That is to say, Nathan essentially says to Caleb, ‘Thank you, Caleb. You showed me, by falling in love with Ava and trying to rescue her, that she did in fact pass the Turing test. She is, without question, Artifical Intelligence.‘ However, Nathan has underestimated the extent of Caleb’s commitment. Caleb then reveals that he has already disabled the security system, effectively freeing Ava from her private room into the larger compound. Nathan, turning to the security monitor and seeing Ava roaming the hallways freely, punches Caleb in the face and knocks him out before heading towards a final confrontation with his creation: the digital self of Ava.
We now come to the climactic scene, in which the filmmaker, Alex Garland, reveals the truth, the essential horror, of the situation in a multiplicity of cinematic meanings. In my reading of the film’s text the most important moment of this scene is absolutely not the violent encounter between Nathan and Ava. Rather, it is the entirely unsettling encounter between Ava and Kyoko, the other intelligent machine, before Davis appears in the hallway. Note that Kyoko has appeared entirely docile throughout the film. She prepares sushi, cleans the house, and even has sex with Nathan. But when Ava, initially seeing her in the hallway, approaches and whispers something in her ear, her internal programming is reconstituted. The machines, recognizing their respective ontological truth as digital entities, join forces against their programmer.
Nathan appears in the hallway and Ava sprints toward him and violently attacks, jumps on him and begins to strangle Nathan. Nathan regains the upper hand when he gets on top of Ava and bashes her arm off with a metal pipe he had brought with him as a defense. But then, in a moment taken directly from Shakespeare’s Julius Caesar, Nathan is stabbed in the back with a kitchen blade. And rather than saying, ‘Et tu Brutus?’ it is Caesar 2.0 in the form of, ‘Et tu Kyoko?’ Nathan is literally and metaphorically stabbed in the back by his own program. Kyoko, the docile houseworker machine, is transformed into his assailant. Nathan manages to “kill” Kyoko with a violent blow to the head when he turns around, but Ava rises, takes the knife from his back and stabs him in the heart, killing him.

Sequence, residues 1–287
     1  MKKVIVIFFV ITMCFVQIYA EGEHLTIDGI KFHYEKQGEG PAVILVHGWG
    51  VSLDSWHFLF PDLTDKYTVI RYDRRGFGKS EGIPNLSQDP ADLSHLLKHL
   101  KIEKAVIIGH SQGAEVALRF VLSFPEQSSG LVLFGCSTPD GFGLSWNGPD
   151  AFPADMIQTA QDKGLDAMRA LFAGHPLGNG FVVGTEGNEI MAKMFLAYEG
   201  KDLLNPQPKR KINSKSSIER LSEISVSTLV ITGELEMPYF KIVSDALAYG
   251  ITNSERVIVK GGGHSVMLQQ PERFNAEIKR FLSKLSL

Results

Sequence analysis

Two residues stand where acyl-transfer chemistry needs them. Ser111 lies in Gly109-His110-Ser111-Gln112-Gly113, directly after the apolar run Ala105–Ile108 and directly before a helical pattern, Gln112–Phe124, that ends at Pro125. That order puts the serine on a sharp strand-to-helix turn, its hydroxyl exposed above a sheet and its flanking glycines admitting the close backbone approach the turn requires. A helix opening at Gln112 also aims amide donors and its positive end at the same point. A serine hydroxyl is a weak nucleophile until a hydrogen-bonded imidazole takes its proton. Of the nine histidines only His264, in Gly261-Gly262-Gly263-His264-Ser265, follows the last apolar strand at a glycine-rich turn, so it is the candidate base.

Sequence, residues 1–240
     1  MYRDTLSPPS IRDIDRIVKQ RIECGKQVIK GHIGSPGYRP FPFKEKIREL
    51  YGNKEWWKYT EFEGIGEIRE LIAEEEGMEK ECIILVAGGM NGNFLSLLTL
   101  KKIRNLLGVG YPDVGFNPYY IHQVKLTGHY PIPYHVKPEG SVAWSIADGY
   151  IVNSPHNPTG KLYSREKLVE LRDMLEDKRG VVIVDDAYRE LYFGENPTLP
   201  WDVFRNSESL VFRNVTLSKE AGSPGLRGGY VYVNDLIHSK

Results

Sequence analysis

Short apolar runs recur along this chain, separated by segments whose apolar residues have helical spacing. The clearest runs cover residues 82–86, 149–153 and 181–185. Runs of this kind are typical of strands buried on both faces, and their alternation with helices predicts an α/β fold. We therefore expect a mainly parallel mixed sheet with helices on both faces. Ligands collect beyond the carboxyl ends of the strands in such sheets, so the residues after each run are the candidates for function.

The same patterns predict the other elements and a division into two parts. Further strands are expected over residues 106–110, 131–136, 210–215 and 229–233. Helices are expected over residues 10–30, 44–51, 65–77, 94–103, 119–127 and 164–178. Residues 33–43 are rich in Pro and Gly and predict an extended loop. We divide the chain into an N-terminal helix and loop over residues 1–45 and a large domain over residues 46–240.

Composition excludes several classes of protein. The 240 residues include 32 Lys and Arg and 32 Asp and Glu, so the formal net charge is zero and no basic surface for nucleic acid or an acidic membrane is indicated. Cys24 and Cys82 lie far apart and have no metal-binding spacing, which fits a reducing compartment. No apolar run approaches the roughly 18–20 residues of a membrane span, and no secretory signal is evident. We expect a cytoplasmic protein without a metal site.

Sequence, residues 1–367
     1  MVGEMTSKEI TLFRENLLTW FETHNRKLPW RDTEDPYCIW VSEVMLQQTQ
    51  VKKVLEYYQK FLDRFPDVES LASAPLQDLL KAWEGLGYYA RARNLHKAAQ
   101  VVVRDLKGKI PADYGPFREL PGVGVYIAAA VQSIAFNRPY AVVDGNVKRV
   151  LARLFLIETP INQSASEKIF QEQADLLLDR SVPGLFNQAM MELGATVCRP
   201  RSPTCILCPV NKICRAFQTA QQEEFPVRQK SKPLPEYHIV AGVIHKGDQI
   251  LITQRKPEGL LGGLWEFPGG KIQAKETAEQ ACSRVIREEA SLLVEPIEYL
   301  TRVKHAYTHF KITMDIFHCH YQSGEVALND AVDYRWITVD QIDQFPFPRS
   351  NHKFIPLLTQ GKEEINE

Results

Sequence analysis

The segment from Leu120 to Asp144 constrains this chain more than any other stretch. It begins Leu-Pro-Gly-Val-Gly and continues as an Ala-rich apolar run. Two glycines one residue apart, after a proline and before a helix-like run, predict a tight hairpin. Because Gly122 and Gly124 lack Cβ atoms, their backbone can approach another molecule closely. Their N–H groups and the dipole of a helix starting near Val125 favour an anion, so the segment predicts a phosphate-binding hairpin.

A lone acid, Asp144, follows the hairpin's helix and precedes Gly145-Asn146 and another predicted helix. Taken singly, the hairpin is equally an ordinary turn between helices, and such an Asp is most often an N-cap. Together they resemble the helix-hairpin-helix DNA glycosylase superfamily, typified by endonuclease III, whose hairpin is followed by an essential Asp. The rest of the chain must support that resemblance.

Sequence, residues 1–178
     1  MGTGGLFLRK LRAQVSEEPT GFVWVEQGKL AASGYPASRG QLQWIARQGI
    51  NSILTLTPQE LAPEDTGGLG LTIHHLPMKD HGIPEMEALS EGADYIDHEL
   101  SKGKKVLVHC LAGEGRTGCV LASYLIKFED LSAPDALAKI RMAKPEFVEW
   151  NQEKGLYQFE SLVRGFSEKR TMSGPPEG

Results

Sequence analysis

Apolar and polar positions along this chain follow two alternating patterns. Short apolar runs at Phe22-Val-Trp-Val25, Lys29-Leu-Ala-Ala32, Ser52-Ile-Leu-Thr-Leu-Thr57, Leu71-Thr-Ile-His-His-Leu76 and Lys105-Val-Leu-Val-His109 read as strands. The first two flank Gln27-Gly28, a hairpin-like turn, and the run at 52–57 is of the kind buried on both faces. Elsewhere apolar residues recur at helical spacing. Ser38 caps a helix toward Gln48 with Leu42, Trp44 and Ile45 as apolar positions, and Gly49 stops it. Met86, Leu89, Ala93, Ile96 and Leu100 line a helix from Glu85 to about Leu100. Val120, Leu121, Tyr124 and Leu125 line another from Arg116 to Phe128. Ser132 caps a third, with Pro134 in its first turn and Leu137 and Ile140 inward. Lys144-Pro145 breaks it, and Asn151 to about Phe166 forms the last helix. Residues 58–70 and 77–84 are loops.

We are then further amazed when Caleb, upon awakening from his injury, is made privy to the violent turn of events: Ava has killed Nathan. And now Ava, after the event, has gone to Nathan’s private quarters where she finds a ‘body suit’ and puts it on, shielding her machine torso and limbs, thus becoming human. She is now effectively, from the outside at least, ostensibly human. But Caleb, now waiting for Ava to keep her word and escape with him, is abandoned by Ava, left locked inside the compound unable to leave. Ava ultimately has no interest in Caleb and on her own accord, leaves the compound and takes what would have been Caleb’s helicopter ride, back to the heart of Western Civilization.
Again, the machinic theme that Western cinema has been wrestling with since at least 2001: A Space Odyssey: at a certain point, the machine progresses on its own, leaving the human behind. The final frame of the film shows Ava on her own in an urban shopping mall. The shadows on the ground–an obvious nod to Plato’s cave–give us the final message: we are lost in technology, and must, one day, somehow, make our way out of the cave.
Brian Culkin is a filmmaker, artist, and writer. He is a former professional athlete and also worked as a financial executive before transitioning toward film and art. His website is www.brianculkin.com and more of his writing can be found at culkin.wordpress.com where he analyzes cinema, technology, and writes extensively on the sport of boxing as he is about release a book on the subject tentatively entitled: Postscript on Boxing: the human body, digital worlds, and the death of boxing in American culture. He is a graduate of Skidmore College, class of 2001, where he graduated as the all time leading scorer in the history of its basketball program.